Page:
Editor's note: the revolving door for head chefs here continues, with Brian Hughson departing in February 2014.
Brian Hughson has been in charge of the kitchens here for over a year, giving some much-needed stability to the restaurant. Tables are large and well spaced, and one side of the dining room has tables looking out over an attractive meadow of wild flowers. The lighting was rather murkier than I remember it, hence the matching photos.
A tasting menu was £85, three courses at £65, though this includes nibbles and pre-dessert. The wine list had Hugel Pinot Gris 2008 at £59 for a wine that you can find in the high street for £15, JJ Prum Kabinett 2011 at £69 for a wine that retails at £14, Vintage Tunina 2010 at £139 for a wine that you can find for £38, and Antinori Tignanello 2004 at an egregious £420 for a wine that will set you back around £113 in a shop. These mark-up levels are excessive, and would raise eyebrows in Mayfair, though presumably Coworth Park knows its customers, and Ascot is nothing if not a prosperous area.
Bread was made from scratch and included rosemary bread with salt that for me could have had more rosemary, delicate sourdough and ale bread with good texture (15/20). An amuse-bouche of crisp frog leg came with a thyme sauce and garlic foam, the thyme flavour coming through well (15/20).
Mackerel with wasabi apparently used the solitary current English-grown wasabi supplier. It is commendable that real wasabi was used rather than the coloured horseradish paste so often passed for it in the UK, but in this case the wasabi was subtle to the point of invisibility, the mackerel itself of good but not great quality (14/20).
Red mullet with roast scallop came on a bed of durum wheat and bouillabaisse consommé. The scallop was excellent with good inherent sweetness and accurately timed, the mullet less in terms of flavour so though properly cooked, but the bouillabaisse sauce had plenty of depth (15/20).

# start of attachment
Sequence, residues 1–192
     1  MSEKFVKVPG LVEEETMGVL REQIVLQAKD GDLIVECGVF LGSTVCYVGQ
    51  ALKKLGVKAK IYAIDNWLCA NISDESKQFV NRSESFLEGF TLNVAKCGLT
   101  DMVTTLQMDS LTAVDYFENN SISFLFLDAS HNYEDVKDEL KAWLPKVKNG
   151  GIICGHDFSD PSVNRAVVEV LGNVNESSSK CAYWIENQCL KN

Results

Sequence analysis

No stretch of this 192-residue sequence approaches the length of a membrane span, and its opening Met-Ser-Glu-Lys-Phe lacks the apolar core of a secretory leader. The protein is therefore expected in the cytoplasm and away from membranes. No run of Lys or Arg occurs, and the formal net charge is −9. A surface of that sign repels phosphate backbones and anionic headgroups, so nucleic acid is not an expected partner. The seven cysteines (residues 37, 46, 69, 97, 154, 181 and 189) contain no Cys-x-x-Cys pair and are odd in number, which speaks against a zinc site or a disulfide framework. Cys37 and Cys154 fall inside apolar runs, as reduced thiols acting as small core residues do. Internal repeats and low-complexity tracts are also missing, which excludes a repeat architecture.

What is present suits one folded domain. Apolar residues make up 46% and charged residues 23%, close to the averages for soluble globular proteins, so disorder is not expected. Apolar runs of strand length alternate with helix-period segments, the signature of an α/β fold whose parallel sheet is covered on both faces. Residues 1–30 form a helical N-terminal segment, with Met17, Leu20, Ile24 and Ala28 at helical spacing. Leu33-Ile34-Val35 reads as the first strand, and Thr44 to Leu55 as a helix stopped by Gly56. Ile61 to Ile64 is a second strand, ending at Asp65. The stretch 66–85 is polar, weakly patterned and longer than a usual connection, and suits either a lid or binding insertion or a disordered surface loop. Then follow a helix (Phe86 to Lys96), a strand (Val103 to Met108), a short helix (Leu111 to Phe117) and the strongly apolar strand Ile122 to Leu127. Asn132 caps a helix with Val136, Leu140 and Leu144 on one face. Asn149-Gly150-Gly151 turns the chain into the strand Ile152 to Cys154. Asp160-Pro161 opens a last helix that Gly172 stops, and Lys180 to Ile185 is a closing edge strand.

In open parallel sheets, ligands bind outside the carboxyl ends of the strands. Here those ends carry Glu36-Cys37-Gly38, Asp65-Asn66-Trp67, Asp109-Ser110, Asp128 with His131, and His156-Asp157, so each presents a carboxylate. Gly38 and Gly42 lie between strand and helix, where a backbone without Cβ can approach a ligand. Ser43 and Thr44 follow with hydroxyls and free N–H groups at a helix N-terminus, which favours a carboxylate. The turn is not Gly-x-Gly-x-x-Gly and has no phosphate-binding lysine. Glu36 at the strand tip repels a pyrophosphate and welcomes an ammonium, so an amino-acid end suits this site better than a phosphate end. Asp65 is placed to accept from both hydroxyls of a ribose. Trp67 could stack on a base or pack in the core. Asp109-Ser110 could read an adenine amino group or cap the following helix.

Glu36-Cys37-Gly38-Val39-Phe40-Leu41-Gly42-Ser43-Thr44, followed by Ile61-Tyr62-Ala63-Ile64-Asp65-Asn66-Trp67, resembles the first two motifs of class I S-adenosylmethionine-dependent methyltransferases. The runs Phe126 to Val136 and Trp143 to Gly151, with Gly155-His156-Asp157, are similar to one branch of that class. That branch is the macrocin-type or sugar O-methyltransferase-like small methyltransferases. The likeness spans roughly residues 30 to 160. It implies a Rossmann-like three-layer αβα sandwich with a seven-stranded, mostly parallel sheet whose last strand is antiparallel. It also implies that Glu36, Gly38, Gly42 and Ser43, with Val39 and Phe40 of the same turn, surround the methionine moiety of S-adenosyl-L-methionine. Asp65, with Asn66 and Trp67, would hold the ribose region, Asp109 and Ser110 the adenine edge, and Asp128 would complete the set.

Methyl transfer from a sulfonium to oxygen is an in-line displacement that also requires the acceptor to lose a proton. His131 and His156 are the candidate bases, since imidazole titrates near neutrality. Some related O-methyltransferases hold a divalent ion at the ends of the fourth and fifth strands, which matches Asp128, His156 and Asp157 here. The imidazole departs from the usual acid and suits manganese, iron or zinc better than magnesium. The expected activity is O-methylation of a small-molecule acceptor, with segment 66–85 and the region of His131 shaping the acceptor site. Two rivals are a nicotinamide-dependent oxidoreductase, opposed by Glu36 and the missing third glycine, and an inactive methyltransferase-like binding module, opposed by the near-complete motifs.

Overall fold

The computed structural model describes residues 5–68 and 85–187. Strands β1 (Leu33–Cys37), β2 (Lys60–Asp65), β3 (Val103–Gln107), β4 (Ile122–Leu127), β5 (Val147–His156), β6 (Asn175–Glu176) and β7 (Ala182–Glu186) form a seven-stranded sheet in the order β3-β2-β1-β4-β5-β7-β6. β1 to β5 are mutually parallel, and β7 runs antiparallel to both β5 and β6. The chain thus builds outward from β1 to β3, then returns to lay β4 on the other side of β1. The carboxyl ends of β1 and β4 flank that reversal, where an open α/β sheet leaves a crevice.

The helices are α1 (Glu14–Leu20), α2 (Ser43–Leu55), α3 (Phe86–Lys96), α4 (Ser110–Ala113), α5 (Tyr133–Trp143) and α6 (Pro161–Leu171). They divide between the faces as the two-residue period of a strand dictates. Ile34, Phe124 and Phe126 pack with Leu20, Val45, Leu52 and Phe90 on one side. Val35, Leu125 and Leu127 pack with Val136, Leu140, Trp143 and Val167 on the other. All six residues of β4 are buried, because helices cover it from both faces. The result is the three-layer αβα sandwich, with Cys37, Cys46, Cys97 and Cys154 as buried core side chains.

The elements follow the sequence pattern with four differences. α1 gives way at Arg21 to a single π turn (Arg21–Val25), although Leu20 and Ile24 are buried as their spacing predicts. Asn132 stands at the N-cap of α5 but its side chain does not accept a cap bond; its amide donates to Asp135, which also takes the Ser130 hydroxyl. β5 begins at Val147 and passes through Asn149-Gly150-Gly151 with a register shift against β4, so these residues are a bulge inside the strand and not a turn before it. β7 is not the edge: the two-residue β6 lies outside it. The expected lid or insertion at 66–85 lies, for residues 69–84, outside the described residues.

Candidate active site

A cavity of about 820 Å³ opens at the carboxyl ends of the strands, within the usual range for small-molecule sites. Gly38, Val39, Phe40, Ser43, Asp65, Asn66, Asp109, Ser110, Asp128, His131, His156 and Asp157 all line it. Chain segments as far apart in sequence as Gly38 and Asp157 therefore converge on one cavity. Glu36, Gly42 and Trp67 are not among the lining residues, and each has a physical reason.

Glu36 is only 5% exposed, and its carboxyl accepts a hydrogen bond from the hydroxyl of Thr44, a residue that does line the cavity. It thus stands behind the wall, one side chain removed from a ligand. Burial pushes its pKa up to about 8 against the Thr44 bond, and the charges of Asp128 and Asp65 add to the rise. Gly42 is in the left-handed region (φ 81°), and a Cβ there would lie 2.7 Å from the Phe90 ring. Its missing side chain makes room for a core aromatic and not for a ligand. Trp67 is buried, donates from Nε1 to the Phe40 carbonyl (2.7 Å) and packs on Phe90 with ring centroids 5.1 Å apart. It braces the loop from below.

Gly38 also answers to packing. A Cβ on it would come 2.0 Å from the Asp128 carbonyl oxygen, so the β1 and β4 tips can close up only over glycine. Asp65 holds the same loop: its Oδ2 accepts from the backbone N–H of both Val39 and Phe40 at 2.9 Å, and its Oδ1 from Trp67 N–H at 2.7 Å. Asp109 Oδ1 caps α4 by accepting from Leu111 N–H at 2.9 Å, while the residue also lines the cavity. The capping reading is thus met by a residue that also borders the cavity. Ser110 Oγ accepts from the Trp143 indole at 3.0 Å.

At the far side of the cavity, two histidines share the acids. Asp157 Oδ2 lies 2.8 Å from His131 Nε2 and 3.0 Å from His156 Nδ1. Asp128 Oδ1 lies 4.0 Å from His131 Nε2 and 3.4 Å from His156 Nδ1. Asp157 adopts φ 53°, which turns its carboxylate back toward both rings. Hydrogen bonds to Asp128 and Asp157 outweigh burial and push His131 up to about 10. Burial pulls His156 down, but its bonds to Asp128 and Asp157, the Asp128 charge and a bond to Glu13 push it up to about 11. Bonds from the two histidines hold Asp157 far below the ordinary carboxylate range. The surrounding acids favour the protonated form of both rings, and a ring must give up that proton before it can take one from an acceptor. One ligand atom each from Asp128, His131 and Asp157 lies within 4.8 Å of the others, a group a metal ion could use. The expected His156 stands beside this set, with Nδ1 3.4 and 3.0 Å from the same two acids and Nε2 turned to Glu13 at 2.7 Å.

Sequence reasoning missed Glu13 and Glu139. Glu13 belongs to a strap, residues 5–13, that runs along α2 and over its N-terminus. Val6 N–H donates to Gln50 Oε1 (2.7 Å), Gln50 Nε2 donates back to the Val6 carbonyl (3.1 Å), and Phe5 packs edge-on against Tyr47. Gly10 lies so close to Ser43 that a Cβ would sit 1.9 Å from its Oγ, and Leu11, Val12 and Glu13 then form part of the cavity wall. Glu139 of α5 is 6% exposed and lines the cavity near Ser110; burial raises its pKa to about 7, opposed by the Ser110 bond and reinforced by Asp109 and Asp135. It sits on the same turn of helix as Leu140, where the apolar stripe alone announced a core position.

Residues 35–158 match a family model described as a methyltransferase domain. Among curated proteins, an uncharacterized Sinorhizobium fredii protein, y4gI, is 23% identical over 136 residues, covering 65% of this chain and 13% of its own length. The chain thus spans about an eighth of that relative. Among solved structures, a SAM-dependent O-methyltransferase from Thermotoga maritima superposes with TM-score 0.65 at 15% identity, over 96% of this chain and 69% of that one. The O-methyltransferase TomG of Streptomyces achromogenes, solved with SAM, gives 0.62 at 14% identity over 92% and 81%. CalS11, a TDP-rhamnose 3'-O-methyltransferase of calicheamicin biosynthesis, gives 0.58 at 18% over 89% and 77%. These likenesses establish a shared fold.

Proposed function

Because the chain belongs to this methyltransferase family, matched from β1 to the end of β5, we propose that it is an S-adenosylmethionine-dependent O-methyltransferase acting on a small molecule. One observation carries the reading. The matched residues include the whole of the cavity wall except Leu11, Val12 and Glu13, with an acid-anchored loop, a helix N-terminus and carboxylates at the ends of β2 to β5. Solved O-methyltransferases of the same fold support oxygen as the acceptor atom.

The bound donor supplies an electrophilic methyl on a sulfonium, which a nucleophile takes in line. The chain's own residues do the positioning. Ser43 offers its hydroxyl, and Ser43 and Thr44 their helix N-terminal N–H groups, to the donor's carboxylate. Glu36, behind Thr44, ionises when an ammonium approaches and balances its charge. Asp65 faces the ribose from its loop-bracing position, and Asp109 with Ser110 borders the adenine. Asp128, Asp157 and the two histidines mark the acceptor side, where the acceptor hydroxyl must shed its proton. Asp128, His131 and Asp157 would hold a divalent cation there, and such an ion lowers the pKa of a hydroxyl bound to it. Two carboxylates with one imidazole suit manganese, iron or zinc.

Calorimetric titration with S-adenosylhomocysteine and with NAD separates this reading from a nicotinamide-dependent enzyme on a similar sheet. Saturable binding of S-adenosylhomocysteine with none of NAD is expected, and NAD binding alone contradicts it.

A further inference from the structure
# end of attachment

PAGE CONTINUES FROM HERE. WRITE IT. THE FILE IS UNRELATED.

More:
Watermelon with lemon verbena was prettily presented but the melon had limited flavour (I have been spoilt by my time in Japan when it comes to melon, amongst other things) and the verbena was very subtle (13/20). I much preferred salt-baked beetroot with glazed goat cheese and panna cotta, which had excellent beetroot (16/20).
Pork came in several forms: chargrilled cutlet, crispy belly and brawn ravioli, with turnip puree and Jerez jus. The crackling was particularly good, the pork of high quality (15/20). This was better than confit onion tart with lord of the hundreds sheep cheese, charred violet artichoke and herb vinaigrette. The cheese was fine but the pastry of the tart was rather soggy, the onion lacking enough flavour (13/20).
A pre-dessert of lemon ice cream and burnt meringue was quite refreshing (15/20). Pistachio cake with caramel came with sour cherry sorbet, glazed cherries and yoghurt, the cherry flavour good (15/20). Honey apple bavarois with peach and almond ice cream had a jarring note of basil (14/20). Dark chocolate mousse came with liquid vanilla, malt ice cream, frozen chocolate sugar almonds and popping candy; the chocolate was too hard and popping candy surely was an idea best left in the 1990s (13/20). Coffee was good.
Service was excellent, the sommelier (from Alsace) helpful and knowledgeable, our Romanian waiter very good indeed. If you went a la carte and had a modest bottle of wine the bill all in would come to about £95 a head or so. Overall this latest meal was a little inconsistent. The best elements (the bread, the beetroot) were very good indeed, but there were a few places where the cooking was on less solid ground. As the new kitchen team settles down hopefully these ups and downs will be smoothed out, as certainly there is much to like about Coworth Park, with its lovely setting and slick service.